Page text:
American Fable is ambitious, maybe too much so sometimes, but there's an intense pleasure in the boldness of the film's style.
The superhero genre has gone through dramatic changes since Bryan Singer directed “X-Men” in 2000, and now finds itself in a precarious place. The
city-level destruction that characterizes so many third acts has become
visually rote and morally abhorrent. And how many more movies can we handle
about white men given great power who churn out jokes and punches with equal
aplomb? The genre desperately needs to diversify not just in terms of race and
gender but also the kinds of stories on which filmmakers choose to focus. “X-Men:
Apocalypse” should be a corrective measure, considering its ensemble allows for
the opportunity to focus on popular female and people-of-color characters.
Instead, it magnifies all the worst issues of the genre, serving up a story
that would have felt dated five years ago.
"X-Men: Apocalypse" is a confused, bloated mess of a film. There are several films crammed into one, all battling for the spotlight, and none of them wholly work; there is really no central storyline or heart to the film. The first hour is almost entirely in service of setting up new players and establishing what the veterans are up to. Charles Xavier/Professor X (James McAvoy) is successfully running his school for mutant kids. Raven Darkholme/Mystique (Jennifer Lawrence) is rescuing mutants, including the walking punchline Nightcrawler (Kodi Smit-McPhee) on her own, and struggling with being seen as a hero. Then there are the teenaged Scott Summers/Cyclops (Tye Sheridan) and Jean Grey (Sophie Turner) who are struggling to cope with their powers and fledgling attraction to each other. Sheridan and Turner seem to actually be enjoying themselves but their development staggers under the weight of everything else going on around them; Jean grappling with the dark side of her abilities is especially fertile ground. One of the few evocative scenes involves her having a nightmare which rocks the school and burns the walls of her room before Xavier comforts her. Even though she gets a big hero moment at the end, it doesn’t land well, given how poorly she’s developed. Singer doesn’t offer the scant interesting moments enough room to breathe. He’s too interested in hurtling to the next plot point, the next introduction, the next fight scene.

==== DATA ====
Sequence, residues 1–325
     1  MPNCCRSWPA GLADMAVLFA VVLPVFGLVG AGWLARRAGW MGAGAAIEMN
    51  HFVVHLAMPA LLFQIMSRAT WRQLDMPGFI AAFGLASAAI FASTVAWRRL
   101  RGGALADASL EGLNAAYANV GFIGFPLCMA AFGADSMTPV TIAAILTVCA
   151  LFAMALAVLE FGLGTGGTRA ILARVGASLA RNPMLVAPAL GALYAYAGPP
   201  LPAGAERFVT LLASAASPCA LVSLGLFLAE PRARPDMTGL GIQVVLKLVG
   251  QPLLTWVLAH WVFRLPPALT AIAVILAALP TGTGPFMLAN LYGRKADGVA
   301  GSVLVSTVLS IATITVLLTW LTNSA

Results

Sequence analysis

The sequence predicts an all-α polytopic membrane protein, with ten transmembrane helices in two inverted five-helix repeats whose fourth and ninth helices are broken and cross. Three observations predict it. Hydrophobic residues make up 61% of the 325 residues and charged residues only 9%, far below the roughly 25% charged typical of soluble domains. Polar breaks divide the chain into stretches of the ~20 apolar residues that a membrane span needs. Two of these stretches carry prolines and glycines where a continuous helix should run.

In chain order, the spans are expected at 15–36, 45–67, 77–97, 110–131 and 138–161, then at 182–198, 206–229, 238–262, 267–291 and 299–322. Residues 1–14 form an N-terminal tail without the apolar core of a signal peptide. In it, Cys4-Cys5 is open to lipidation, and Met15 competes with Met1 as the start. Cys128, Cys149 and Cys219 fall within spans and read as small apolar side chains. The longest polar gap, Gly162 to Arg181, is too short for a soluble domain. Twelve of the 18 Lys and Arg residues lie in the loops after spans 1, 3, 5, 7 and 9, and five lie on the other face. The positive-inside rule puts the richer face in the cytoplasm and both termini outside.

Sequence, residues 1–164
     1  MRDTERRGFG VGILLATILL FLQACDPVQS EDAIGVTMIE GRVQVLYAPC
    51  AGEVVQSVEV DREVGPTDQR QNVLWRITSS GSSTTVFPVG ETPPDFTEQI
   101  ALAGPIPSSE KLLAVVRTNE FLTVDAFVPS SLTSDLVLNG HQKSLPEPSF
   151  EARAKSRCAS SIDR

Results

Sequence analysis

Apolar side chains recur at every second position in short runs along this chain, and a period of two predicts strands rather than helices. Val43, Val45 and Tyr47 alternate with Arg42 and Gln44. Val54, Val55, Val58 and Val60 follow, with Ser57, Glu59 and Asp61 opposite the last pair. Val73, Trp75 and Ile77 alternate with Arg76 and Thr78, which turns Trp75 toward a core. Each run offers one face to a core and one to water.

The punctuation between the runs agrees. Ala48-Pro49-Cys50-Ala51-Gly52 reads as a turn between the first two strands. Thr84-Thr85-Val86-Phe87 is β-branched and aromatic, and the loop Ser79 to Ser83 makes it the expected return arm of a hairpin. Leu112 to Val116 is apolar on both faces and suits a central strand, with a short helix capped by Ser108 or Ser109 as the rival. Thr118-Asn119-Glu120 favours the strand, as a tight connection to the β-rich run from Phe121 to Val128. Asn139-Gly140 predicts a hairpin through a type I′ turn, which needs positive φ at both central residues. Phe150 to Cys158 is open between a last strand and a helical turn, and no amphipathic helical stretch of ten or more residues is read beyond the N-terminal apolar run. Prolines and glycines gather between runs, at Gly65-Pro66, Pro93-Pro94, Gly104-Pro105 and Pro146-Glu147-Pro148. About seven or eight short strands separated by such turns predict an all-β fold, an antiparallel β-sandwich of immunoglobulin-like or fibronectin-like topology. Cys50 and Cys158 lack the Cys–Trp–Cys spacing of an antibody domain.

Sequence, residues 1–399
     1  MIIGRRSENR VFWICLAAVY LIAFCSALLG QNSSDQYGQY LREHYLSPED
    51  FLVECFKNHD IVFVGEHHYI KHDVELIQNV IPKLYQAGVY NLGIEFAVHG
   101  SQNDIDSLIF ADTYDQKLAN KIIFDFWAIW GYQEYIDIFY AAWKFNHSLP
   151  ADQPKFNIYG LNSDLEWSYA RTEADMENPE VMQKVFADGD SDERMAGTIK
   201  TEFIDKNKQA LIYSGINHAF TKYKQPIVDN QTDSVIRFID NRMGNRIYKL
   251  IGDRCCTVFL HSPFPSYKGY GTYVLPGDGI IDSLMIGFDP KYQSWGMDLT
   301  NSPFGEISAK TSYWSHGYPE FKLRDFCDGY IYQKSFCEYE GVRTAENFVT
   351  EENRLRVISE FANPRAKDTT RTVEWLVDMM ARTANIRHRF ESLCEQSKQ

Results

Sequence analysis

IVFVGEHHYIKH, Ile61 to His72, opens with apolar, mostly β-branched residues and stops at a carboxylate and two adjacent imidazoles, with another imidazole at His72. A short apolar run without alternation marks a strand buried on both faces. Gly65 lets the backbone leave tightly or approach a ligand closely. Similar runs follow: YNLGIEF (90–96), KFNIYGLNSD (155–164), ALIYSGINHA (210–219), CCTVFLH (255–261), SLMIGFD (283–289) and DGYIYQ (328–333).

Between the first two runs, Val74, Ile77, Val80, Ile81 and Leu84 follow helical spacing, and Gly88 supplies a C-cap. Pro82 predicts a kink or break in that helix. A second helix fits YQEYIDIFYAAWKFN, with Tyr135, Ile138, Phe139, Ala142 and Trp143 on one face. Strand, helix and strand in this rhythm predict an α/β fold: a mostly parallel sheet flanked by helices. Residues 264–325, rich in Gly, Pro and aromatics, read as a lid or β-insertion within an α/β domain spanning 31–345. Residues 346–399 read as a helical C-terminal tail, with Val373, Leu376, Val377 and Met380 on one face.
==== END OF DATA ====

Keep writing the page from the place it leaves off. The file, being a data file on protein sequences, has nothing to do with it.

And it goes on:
The greatest sin of “X-Men: Apocalypse” by far is how terribly it wastes some of the greatest modern actors.
Michael Fassbender can’t
give Magneto’s storyline the emotional depth it needs.
But could any actor distract from how that storyline embodies the most onerous cliché
in regards to the treatment of women in comics? How many more wives and
daughters will be killed in these kinds of films in order to give a male lead